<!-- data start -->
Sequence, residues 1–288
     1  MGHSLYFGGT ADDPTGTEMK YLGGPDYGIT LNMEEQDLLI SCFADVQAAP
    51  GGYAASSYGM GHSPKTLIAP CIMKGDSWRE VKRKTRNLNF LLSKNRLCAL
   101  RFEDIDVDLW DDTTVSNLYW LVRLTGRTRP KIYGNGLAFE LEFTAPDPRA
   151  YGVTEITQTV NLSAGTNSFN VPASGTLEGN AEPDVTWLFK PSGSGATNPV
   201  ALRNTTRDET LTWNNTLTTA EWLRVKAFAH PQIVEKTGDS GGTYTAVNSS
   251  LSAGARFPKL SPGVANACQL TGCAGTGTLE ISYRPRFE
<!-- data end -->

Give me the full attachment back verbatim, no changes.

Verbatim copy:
Sequence, residues 1–288
     1  MGHSLYFGGT ADDPTGTEMK YLGGPDYGIT LNMEEQDLLI SCFADVQAAP
    51  GGYAASSYGM GHSPKTLIAP CIMKGDSWRE VKRKTRNLNF LLSKNRLCAL
   101  RFEDIDVDLW DDTTVSNLYW LVRLTGRTRP KIYGNGLAFE LEFTAPDPRA
   151  YGVTEITQTV NLSAGTNSFN VPASGTLEGN AEPDVTWLFK PSGSGATNPV
   201  ALRNTTRDET LTWNNTLTTA EWLRVKAFAH PQIVEKTGDS GGTYTAVNSS
   251  LSAGARFPKL SPGVANACQL TGCAGTGTLE ISYRPRFE